There is a link between migraine and stroke risk, and additional risk factors can increase the chances
In the general population, the average age of stroke is 65; but for women who have migraine with aura, their stroke risk is higher than average when they are younger than 45, according to Dr. Christoph Diener, Senior Professor of Clinical Neurosciences at Germany’s University of Duisburg-Essen and Chairman of the West-German Headache Center. But Diener, a pioneer in the headache and stroke fields, says that risk can be reduced by making a few key healthy lifestyle choices.
What We Know About Migraine and Stroke Risk
Nearly two decades ago, Diener and a team of researchers embarked on a large-scale investigation into risk factors for various diseases by compiling registries of individuals’ health issues and experiences, and examining that data to look for patterns and trends. Using the Women’s Health Study, a registry of nearly 40,000 US women, Diener and colleagues uncovered a relationship between migraine and stroke. (Similar subsequent studies have replicated these results.)
What they found was that women below the age of 45 who have migraine with aura face a higher risk of ischemic stroke — a stroke that occurs because of a clot blocking blood flow to the brain. In a recent conversation with AMF, Dr. Gretchen Tietjen, chair of the University of Toledo’s Department of Neurology, explained how the two conditions relate: “people who experience aura might have increased tendency to form blood clots due to temporarily narrowed blood vessels, which can predispose them to stroke.”
Who’s Most At Risk?
Despite the increased risk, “women who have migraine with aura shouldn’t be afraid that they would get a stroke tomorrow,” Dr. Diener says. That’s because these findings show a relative increased risk — an increased risk among young women who have migraine with aura compared to young women who don’t. However, the absolute risk — the risk of any one woman who has migraine with aura experiencing a stroke — remains quite low, he said.
Among young women who have migraine with aura, some face a higher risk than others. “The stroke risk increases if someone has migraine with aura and has additional risk factors for vascular disease like high blood pressure, obesity, and, in particular, smoking,” Diener says. “Smoking is the most important risk factor.”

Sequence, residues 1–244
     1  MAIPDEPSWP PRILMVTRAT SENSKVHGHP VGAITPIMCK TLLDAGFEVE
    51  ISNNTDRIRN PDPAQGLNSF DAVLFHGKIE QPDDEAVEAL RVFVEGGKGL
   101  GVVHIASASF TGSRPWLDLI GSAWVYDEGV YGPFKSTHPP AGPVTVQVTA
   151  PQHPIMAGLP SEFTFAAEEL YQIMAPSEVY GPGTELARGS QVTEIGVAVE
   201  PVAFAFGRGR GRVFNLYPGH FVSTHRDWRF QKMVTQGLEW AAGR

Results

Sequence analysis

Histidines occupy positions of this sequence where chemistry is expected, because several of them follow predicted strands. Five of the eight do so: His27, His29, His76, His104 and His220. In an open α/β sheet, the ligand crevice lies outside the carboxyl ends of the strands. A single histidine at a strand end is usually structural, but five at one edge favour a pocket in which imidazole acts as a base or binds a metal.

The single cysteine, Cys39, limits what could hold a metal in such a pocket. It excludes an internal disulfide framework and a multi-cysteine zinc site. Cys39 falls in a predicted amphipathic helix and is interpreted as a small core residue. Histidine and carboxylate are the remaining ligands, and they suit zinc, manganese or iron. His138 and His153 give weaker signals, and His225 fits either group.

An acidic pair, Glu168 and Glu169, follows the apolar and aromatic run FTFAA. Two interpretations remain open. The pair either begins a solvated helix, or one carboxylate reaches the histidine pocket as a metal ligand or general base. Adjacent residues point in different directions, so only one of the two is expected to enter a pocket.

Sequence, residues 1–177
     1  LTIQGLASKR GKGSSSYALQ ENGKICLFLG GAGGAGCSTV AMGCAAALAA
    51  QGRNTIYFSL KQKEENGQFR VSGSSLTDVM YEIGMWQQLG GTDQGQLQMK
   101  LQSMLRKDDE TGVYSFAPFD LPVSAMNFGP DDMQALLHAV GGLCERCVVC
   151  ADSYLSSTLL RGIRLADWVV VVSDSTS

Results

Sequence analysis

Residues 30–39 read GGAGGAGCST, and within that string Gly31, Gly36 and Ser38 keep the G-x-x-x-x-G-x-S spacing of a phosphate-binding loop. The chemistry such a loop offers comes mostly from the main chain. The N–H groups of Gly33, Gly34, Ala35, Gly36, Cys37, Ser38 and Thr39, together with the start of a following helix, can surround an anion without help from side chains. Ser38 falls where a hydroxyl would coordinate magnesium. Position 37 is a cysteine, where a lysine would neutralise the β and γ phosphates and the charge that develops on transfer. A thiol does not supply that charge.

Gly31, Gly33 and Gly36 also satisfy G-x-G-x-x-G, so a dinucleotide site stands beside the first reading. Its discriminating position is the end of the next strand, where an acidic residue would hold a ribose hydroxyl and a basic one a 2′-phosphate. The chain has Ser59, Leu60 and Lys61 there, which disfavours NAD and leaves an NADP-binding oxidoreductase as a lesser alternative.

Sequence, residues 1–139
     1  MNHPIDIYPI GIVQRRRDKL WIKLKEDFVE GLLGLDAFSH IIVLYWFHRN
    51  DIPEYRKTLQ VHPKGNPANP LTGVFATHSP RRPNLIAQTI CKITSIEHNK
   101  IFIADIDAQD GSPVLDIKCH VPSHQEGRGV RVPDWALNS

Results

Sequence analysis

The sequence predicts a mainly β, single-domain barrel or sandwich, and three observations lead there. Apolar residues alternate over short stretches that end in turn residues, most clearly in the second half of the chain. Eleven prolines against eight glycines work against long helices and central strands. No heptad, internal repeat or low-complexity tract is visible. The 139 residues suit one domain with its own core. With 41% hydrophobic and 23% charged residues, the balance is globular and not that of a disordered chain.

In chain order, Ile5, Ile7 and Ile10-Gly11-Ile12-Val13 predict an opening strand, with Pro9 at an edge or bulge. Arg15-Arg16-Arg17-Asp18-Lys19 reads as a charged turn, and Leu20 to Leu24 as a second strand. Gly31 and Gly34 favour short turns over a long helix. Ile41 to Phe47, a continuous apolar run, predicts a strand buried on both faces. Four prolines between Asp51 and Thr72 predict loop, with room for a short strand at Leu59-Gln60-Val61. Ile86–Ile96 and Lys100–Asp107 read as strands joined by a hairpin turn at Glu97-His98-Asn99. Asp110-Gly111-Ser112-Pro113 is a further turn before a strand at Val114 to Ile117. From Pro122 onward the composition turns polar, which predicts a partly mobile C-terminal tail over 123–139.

Reducing Stroke Risk
Because smoking significantly increases stroke risk, avoiding or quitting cigarette smoking is Diener’s top recommendation for women who have migraine with aura. Exercise and eating well are a close second (see the American Migraine Foundation’s free Meal Planner for tips on maintaining a balanced, migraine-friendly diet). Since these are all behavioral factors, women with migraine with aura can reduce their increased stroke risk with lifestyle changes. Regular doctor’s appointments are also critical to help keep a close eye on any changes in overall health, Dr. Diener says. “I think it’s worthwhile to go to your general practitioner once a year and have a checkup for risk factors like hypertension, high cholesterol, diabetes, and obesity,” he said.
Stroke Risk and Migraine Medication
Avoiding certain medications is another way women with migraine with aura can take control of their elevated stroke risk. For young women with aura on birth control, Dr. Diener says, contraceptives with high estrogen levels are not recommended. However, there is no increased risk of stroke with progestin-only pills. It should also be noted that a recent study has raised some doubts about the real risk of stroke in women with aura taking contraceptives that include estrogen and progestin, as hormone levels in birth control pills have steadily decreased.
More research is needed about the relationship between migraine and stroke, and headache specialists are optimistic that new findings will help people with migraine further reduce their stroke risk. The American Migraine Foundation works to directly fund research into headache disorders. To learn more about AMF’s fight for more migraine research funding, and how you can help us continue this work, visit our website.
Reviewed for accuracy by the American Migraine Foundation’s subject matter experts, headache specialists and medical advisers with deep knowledge and training in headache medicine. Click here to read about our editorial board members.